Most commonly used in the context of medicine and law, malpractice is defined as, “improper, illegal, or negligent professional activity or treatment”. But malpractice is no stranger to the advertising world either. You can google “advertising malpractice” and find many interesting stories, mostly regarding fraudulent advertising claims.
The one word in the definition of malpractice that I want to focus on is negligent. First, so we are on the same page, the definition of negligent is, “failing to take proper care in doing something”, and I would add to this definition, “that we know should be done”.
As a media rep selling advertising, what is your job? Is it to sell ads? Is it to help your clients get results from their advertising investment? Is it to service the account so they have the best chance of achieving success? The answer is, “Yes!”
Once you convince a prospect to do business with you, they become your client. It’s then your job to service that client so they have the best chance of getting a return on their investment. Anything less is negligence, or “Media Rep Malpractice”.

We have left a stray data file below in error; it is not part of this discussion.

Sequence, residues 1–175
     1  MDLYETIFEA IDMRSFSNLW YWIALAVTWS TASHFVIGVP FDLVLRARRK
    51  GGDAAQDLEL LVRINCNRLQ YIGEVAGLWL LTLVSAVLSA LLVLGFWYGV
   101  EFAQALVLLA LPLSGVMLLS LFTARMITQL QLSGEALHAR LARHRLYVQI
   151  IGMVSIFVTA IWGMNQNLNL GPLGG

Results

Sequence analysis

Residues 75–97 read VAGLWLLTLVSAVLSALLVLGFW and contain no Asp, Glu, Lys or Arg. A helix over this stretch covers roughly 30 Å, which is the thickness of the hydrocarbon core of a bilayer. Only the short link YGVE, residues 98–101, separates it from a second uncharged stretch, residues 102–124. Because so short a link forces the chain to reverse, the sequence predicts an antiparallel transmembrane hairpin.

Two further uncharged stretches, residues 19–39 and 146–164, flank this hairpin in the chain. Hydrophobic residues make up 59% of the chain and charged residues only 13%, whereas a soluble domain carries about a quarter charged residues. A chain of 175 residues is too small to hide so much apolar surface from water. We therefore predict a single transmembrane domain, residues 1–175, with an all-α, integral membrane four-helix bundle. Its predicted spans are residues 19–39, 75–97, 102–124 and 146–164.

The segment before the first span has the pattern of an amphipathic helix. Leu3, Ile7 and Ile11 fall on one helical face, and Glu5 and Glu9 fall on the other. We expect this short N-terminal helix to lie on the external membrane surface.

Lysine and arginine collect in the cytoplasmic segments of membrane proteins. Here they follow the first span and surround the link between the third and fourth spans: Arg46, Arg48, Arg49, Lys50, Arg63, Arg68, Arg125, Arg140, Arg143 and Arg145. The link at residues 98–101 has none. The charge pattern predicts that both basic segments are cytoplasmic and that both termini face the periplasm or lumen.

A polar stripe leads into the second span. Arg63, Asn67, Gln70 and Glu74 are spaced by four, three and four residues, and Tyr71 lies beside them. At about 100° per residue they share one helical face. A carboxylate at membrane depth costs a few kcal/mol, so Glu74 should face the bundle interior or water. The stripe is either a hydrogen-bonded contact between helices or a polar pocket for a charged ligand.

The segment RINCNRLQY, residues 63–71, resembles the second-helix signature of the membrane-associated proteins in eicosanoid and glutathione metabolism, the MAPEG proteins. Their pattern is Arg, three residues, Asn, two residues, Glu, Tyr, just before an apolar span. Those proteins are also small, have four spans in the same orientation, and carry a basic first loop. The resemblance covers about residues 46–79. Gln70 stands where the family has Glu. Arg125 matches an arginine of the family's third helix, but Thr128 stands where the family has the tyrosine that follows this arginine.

The most common case of MRM (Media Rep Malpractice) is not updating copy. The only excuse for not updating copy on a regular basis is because your client asks to keep the same ad running. Even then, you’re responsible to advise them that airing the same ad over and over isn’t in their best interest. When you do, you are no longer negligent. Equally as common is once the sale is made, we don’t show up again until the schedule is over.
Media reps are just like doctors and lawyers; there are good ones and bad ones. Are you doing what you should to make sure you’re a good one? Always provide solid and truthful information, never over-promise, and always over-deliver. If you do, you’ll never be accused of “Media Rep Malpractice”.